The second way is to focus, as Metz enjoins us, upon those who suffered and died in this period: victims of war, hunger, ideology, disease, cruelty, cold. To focus upon the suffering of those who died, were tortured, separated from families, abused, and exploited is distressing but imperative. To remember the victims, not just in terms of numbers which are horrific but deeply impersonal, but as people, with hopes and fears and dreams, is essential. If we focus solely upon the struggle of the regime, its massive political and economic exertions, we run the risk, as Metz outlines, of writing a history of what has prevailed through struggle, a kind of neo-Darwinism. But in this regard it is crucial also to consider how we remember the victims; otherwise we run the risk of re-victimizing them. So if we tell the stories of suffering and death in order to highlight the evil essence of communism and its practitioners, are we using their deaths as part of our own political project in the present? We need to remember the dead, but remember them as they are (or were), to remember their suffering. Restoring the humanity of those who suffered and were lost, who struggled and survived, who coped resiliently with everything the 1930s and 1940s could throw at them, seems to me an essential and valuable task. Maybe as we write we can give them a voice, and allow them to speak to us, and we can bridge time and suffer with them.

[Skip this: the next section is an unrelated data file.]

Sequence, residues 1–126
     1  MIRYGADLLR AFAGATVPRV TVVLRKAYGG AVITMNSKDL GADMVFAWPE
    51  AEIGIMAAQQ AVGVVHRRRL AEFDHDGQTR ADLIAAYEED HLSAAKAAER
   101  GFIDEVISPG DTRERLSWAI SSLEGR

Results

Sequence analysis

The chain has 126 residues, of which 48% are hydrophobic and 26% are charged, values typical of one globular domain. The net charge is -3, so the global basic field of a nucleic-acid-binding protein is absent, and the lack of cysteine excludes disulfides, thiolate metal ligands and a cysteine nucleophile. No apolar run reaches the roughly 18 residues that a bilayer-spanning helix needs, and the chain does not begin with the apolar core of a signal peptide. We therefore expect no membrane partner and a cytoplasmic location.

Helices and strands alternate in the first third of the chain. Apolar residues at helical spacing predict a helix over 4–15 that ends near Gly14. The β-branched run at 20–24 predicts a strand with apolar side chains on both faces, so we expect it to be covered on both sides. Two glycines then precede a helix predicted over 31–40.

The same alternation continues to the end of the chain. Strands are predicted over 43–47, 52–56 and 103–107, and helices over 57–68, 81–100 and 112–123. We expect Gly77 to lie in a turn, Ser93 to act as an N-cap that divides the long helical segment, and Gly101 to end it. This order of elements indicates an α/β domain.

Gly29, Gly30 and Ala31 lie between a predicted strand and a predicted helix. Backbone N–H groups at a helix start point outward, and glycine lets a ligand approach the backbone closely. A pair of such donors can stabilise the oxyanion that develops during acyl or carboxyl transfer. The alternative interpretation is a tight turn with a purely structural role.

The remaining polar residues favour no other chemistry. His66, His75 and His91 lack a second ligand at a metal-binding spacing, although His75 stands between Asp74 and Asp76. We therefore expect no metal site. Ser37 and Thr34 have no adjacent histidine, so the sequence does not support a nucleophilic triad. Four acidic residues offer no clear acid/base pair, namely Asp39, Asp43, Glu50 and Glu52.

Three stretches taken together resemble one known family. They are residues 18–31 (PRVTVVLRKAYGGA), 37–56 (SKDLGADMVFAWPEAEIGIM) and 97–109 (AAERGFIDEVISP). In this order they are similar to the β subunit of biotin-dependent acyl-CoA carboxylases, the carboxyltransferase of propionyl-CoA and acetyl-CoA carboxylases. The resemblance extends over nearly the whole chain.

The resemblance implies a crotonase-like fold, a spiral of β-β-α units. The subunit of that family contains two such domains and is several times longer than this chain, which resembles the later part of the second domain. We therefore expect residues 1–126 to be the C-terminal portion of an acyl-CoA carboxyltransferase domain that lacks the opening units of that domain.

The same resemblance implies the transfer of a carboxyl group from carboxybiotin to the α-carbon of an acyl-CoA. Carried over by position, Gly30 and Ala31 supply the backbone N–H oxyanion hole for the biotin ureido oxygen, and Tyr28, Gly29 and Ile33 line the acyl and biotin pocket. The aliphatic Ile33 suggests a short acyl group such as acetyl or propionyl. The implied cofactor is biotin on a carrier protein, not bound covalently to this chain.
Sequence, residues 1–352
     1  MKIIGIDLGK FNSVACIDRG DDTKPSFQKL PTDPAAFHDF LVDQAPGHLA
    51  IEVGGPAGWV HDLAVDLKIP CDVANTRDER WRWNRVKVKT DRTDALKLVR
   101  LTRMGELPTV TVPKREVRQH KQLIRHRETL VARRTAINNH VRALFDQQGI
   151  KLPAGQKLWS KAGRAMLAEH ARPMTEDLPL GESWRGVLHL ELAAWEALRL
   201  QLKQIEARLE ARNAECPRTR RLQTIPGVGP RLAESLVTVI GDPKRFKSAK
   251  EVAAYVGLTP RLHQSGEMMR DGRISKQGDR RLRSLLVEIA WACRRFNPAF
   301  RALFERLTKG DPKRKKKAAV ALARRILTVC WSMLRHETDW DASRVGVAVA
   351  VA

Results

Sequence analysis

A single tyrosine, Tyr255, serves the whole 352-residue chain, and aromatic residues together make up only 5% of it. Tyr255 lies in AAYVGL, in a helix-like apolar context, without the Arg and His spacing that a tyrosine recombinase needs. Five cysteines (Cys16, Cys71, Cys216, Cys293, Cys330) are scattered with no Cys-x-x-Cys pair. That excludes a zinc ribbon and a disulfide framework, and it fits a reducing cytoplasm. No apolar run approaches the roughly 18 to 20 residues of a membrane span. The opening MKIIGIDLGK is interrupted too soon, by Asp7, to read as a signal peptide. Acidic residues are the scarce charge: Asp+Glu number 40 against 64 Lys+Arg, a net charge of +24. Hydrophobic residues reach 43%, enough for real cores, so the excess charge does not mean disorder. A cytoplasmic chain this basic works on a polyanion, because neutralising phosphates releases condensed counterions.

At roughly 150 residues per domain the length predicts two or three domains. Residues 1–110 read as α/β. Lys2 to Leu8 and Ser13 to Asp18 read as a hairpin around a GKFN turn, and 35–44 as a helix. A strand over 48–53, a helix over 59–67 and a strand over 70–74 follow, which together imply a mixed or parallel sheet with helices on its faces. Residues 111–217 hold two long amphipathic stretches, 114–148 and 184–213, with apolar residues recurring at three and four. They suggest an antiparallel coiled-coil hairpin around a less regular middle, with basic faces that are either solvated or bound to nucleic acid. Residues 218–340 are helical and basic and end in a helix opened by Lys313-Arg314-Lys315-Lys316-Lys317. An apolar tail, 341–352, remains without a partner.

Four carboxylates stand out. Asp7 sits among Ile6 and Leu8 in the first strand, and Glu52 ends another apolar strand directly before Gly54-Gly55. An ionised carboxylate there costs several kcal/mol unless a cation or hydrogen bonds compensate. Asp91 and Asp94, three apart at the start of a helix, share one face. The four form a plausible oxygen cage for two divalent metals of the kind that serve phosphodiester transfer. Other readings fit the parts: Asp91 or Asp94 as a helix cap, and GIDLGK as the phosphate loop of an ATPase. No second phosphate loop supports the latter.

Doubt and Faith
The postwar period of Soviet communism can be viewed in retrospect as the onset of the decline and fall of the whole experiment, although this is a disputed contention, some seeing the cause of the fall in Gorbachev’s flawed polices after 1985. In any case a few themes seem to suggest themselves.